• Luther would be horrified by the world he forged

    10/16/2017 8:23:46 PM PDT · 195 of 214
    boatbums to piusv; ealgeone; metmom
    Many Church officials did approve of it by their actions (or inaction). What vlad has been trying to say is that it was never official Catholic teaching nor practice. These were abuses. Abuses that went all the way up. It is similar to the liturgical abuses we see in various Novus Ordo churches. Did Vatican II officially teach that these abuses were allowed? No. Even I get that. But the abuses are there nonetheless and the hierarchy does nothing to stop them. They are to blame, but the abuses were never part of official Catholic teaching.

    I also dislike the merry-go-round that so often happens on such threads as these. I DON'T play that game because I know people's very souls and spirituality are involved. But let me say this one more time about the "abuses" of indulgences that spurred Martin Luther's 95 Theses...the abuse really wasn't that people could purchase a "get-out-of-purgatory" letter from Indulgence peddlers who had the tacit approval of the hierarchy. Since, even today, indulgences can STILL be "dispensed" for a donation, the abuse Luther railed against was that, for the prior three hundred years, indulgences were taught as a means to the remission of sins and people missed out on the purpose for confession, contrition and penance and were taught to fear the punishment for their sin more than the sin itself. The indulgence robbed the Sacrament of Penance of its ethical content. The preaching of indulgences concealed the true nature of repentance. Because of this, he felt, people became fearless and careless. Ironically, that same accusation is thrown at those of us who believe in salvation through faith alone and eternal security today.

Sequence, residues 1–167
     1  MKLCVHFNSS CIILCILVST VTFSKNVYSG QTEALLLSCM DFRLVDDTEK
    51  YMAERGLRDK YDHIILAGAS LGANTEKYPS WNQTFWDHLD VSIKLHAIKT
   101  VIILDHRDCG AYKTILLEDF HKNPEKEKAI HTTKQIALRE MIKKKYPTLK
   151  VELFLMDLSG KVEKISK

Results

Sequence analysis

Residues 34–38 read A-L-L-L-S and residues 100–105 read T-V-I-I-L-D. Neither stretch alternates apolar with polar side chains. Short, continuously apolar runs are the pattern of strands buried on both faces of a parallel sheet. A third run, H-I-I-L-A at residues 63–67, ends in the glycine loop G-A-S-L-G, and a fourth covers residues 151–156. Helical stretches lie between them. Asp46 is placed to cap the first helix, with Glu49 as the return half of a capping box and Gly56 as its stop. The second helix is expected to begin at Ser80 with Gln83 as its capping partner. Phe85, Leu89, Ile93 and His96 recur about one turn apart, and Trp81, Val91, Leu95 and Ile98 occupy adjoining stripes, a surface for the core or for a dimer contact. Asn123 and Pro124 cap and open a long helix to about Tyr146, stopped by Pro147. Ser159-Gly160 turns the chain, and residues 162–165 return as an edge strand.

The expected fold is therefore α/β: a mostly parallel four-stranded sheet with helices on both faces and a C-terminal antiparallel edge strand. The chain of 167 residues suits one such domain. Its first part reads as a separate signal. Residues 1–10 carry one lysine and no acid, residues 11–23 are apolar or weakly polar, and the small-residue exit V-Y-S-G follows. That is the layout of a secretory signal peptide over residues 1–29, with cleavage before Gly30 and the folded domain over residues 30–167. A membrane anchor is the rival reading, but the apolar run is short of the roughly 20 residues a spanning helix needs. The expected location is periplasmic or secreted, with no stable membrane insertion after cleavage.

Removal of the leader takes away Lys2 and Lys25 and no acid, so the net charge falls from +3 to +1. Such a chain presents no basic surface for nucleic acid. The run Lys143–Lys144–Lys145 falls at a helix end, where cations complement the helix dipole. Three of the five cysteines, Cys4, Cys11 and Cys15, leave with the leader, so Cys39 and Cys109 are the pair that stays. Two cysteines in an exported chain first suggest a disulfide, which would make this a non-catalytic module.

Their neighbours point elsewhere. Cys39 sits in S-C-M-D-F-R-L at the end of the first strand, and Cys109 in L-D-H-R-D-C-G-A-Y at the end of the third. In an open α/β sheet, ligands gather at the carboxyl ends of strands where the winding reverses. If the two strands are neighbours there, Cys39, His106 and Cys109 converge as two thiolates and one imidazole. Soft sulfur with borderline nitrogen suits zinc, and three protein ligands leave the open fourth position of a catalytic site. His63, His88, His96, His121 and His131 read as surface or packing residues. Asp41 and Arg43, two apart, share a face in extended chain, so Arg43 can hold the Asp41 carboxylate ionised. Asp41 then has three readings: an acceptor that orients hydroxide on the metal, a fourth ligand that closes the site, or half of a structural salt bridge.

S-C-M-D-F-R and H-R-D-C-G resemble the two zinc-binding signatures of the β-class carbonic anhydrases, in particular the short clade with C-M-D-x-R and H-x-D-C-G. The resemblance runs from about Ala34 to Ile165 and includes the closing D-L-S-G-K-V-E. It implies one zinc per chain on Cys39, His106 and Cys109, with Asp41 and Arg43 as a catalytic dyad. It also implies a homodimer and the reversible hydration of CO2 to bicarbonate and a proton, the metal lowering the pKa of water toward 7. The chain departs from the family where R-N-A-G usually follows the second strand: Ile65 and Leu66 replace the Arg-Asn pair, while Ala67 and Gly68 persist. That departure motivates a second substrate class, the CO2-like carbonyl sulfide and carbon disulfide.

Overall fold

The discussions we engage in with these threads helps us learn about such things and I see great value in them. Though they should not devolve into insult fests or occasion for one-upmanship - and we ought to guard against that:

      Do nothing out of selfish ambition or vain conceit. Rather, in humility value others above yourselves, not looking to your own interests but each of you to the interests of the others. (Philippians 2:3,4)